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Thread: Translators & Interpreters Etiquette

 
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    Moderator eidjit's Avatar
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    Post Translators & Interpreters Etiquette

    So I talked with a translator that was very worked up about a conjoined project of various translators and interpreters, (something about a large manual or something).

    The thing that made them all annoyed was that one of the people from the group decided to drop off, and cancel their part.

    Making everybody else work double.

    Then having to revise all the work to see what was missing the leader of the project found mistakes and parts of the manual, like boxes of text missing their interpretation.

    So everyone was very worked up.

    My question to you all Spanish to English Translators and Interpreters is:


    What are the rules you have or tell for other when it comes to Etiquette, in this line of work?

    Do you think this ones apply?
    • Don't quit halfway, without telling everybody in advance
    • Proofread your work before delivery
    • Meet the deadline
    • Communicate mistakes to others
    • Not assign guilt of poorly done work to coworker


    _Eidji

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    Default Re: Translators & Interpreters Etiquette

    That's a reasonable penta/decalogue when they share a text.
    Interpreters have other rules because they have to share a cabin and equipment and they usually meet in person.

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    Moderator eidjit's Avatar
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    Default Re: Translators & Interpreters Etiquette

    Quote Originally Posted by danielr View Post
    That's a reasonable penta/decalogue when they share a text.
    Interpreters have other rules because they have to share a cabin and equipment and they usually meet in person.

    I'm sorry for my ignorance and unwillingness to google, What do you mean by reasonable penta/decalogue?
    _Eidji

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    Default Re: Translators & Interpreters Etiquette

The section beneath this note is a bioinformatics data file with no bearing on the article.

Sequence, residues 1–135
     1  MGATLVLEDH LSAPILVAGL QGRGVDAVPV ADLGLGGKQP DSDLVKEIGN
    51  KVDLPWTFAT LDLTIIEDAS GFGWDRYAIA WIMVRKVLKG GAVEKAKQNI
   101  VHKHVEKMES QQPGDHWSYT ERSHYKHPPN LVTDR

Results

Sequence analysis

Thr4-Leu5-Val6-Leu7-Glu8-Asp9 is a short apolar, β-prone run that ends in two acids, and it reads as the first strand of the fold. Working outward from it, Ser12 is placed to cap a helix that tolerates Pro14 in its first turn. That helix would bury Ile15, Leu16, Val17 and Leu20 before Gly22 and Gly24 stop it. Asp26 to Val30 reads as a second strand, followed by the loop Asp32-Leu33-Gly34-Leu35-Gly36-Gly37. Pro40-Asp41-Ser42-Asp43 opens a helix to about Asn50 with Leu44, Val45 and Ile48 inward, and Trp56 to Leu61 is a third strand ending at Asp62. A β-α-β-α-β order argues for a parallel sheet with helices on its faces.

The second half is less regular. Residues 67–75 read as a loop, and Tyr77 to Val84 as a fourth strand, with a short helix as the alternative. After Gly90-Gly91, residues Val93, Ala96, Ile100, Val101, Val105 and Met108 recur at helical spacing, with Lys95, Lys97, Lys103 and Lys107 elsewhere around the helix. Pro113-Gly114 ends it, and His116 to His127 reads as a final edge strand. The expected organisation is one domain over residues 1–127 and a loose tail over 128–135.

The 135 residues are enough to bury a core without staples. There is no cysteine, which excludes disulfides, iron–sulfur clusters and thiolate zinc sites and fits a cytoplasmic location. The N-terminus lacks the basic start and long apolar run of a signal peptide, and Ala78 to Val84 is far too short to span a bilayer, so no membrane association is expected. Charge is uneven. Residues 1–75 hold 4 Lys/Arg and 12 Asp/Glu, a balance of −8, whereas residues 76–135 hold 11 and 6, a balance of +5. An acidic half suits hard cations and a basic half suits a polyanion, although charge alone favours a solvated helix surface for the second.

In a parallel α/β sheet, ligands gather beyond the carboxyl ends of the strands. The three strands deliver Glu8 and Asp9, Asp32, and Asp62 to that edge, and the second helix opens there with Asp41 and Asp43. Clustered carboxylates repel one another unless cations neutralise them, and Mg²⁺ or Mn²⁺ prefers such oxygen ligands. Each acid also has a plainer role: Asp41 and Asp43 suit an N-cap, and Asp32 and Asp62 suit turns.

A decalogue is a list of rules (10 rules to be strict), but you actually listed 5

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    Default Re: Translators & Interpreters Etiquette

    Interpreters, whether they're performing consecutive or simultaneous interpretation can only do their job for minutes at a time. I don't recall the exact number of minutes, but surely under an hour. The sheer effort required for interpretation makes it necessary for interpreters to work in pairs when the job in question is longer than an hour. They take turns and rest in between, giving some time for their brains to cool off. So, it's a collaborative effort when the interpretation to be done is long enough.

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    Default Re: Translators & Interpreters Etiquette

    Quote Originally Posted by eidjit View Post

    Do you think this ones apply?
    • Don't quit halfway, without telling everybody in advance
    • Proofread your work before delivery
    • Meet the deadline
    • Communicate mistakes to others
    • Not assign guilt of poorly done work to coworker


    That's a good starting point!

    I think the first one should be removed though. No-one accepts a job and plan to drop half way. I'm sure they would have a reasonable excuse to do so.

    Communication should be a must and not only to point things out. A good practice would be to leave comments and notes when possible to either explain why you chose a certain term/expression over another or ask for further research/confirmatoin on a specific term.

    I find this extremely helpful, especially when I'm runnning a QA on my projects.

    Style Guides and Term Bases are highly advisable (even more so when working with many resources on the same project.)

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    Default Re: Translators & Interpreters Etiquette

    Read the instructions!

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    Default Re: Translators & Interpreters Etiquette

    Quote Originally Posted by nabylm View Post
    Read the instructions!
    Absolutely!

    I'm not sure why but rarely they read them...

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